3. Hi Matt, I agree that travel does improve one’s ability to read people. Like any sense that is deprived, lack of speech requires heightened performance from our perceptions. I don’t view this as a negative trait. Reading people does not lock you into that assessment if you find out you’re wrong.

    Happy travels!

  4. Kristin

    Fabulous skill to pick up! People argue that placing people in boxes (stereotypes, not literally in boxes) is a bad idea and that ‘reading’ people is the same thing. It’s not. What is it, like 10% of communication is verbal? The rest is all physical, being able to read that physical communication will do wonders in your ability to understand and relate to other people.

  5. so true! living abroad and traveling has definetly helped me build this skill as well because I had to constantly analize how different cultures act, react, deal with humor, express themselves, etc.

  6. When I started reading the article, I thought along the lines of “judgmental asshole” … but then you explained it pretty well, and I think you’re right. You definitely learn to pick up non-verbal clues if you spend lots of time navigating your way around countries where people don’t speak your language. Picking out the meaning from among a few gestures and rudimental English – it’s a skill I’ve learnt that others around me don’t have. And it does help me guess people’s true intentions even when they have said very little; it helps me sense when people are uncomfortable about something & too shy to say etc. etc. It helps me predict that there might be a problem with something that somebody has promised, that somebody is being dishonest, that something fishy is going on behind the scenes … or on the other hand, helps me decide that I can trust someone. In other words, when you travel, you become a better communicator and observer, your instincts sharpen … although I find it doesn’t quite work with everyone; some people are more receptive than others.

  7. Jorrit

    Good, provocative article. I ranged too from “he’s being very judgemental” to “he’s completely right”. Well done for saying it as it is. The only thing I’d add is that sometimes I think that one can be over-vigilant about other people when travelling through fear of getting ripped off. So perhaps the tendency in some situations is to think on the negative side.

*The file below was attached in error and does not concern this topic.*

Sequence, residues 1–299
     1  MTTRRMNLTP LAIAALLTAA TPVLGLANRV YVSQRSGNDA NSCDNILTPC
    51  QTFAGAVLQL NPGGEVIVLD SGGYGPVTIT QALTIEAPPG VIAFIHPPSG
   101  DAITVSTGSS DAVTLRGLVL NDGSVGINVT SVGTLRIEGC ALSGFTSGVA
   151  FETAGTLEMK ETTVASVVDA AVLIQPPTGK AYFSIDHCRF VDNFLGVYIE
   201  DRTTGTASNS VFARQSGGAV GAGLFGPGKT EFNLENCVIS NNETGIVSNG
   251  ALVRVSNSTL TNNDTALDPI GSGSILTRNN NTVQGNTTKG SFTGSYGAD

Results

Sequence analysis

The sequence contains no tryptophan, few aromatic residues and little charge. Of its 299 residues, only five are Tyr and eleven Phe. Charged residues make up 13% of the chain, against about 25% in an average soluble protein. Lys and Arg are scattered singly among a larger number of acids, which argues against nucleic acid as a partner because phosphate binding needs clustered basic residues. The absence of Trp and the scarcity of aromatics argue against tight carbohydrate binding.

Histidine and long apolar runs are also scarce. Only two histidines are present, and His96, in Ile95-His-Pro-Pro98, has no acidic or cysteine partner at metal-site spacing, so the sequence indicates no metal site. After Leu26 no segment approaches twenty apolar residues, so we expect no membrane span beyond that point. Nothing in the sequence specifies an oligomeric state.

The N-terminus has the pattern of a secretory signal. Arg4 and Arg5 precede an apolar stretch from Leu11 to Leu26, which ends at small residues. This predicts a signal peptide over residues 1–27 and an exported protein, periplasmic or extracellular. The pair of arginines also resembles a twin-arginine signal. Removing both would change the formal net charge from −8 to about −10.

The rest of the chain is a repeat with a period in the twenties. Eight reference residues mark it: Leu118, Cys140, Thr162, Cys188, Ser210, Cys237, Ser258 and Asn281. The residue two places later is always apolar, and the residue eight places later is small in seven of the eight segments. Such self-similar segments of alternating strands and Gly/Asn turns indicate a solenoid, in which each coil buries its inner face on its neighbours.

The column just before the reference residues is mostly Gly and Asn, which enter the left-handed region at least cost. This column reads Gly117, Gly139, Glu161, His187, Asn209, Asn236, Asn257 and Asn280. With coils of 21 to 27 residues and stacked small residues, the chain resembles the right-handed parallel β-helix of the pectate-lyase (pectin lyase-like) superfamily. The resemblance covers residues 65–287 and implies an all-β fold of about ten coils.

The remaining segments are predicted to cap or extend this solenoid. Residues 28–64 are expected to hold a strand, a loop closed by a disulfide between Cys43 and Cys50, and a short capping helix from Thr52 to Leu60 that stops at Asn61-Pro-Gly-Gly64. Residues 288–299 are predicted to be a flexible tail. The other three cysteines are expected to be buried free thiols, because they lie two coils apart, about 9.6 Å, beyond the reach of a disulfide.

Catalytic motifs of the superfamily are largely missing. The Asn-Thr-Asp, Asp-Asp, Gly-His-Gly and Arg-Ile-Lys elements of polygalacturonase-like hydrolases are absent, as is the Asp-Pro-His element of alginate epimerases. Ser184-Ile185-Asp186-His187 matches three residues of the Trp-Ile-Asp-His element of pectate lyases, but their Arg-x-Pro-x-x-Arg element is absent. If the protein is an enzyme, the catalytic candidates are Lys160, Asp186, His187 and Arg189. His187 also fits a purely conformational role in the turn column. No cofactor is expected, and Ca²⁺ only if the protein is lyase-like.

8. Stephen

    i found this, definitely resonate with this. this is the type of stuff i’ve been reading a lot lately. Travel and tourism are different things. tourism is a luxury, a vacation, a splurge of money. Travel is the highest form of education one could wish for. travel teaches you life skills that can’t be learned from books, as you can see with this article. I have also noticed this ability, to a certain degree, in myself since traveling. this and other abilities are ones that i want to develop more

  9. I completely agree, reading people is one thing that comes out of meeting so many. Plus I when traveling I think you have a bit extra guard up or the opposite none at all. If you read people well then usually it’s easy to find the balance.

  10. Sean

    I began learning about this in college where I majored in Psychology. I have become really good at it, but I still make glaring errors sometimes when it comes to dealing with American women. I always wonder if it’s me or them? :)

  11. reading people is a lot easier when they talk a lot (whatever language is).
    silent people who rarely express themselves are hard cases! ~ they can either be fun but shy, or simply lame.
    i think travel also grows your instinct on people. because, you connected with a lot of them, right?
    well that’s what i feel.

  12. Awesome Blossom.

    Dear Nomadic Matt,
    This blog, it truly inspires me in more ways than anyone can ever imagine. It’s like a drug, an addiction i’ve acquired, and very recently.
    I’m 16, going on 17, and i dream of someday living a nomadically wonderful life, no different from yours, SOMEDAY.
    Coming to the point, all i want to do is to thank you for fueling the fire in me, and showing the world how amazing traveling really is.
    Here’s to meeting you out there, in some country somewhere around the world, barely speaking an unknown language, in the midst of the many culturally-different strangers. And here’s to the wanderlust that runs in every dreamer’s veins…

Leave a Comment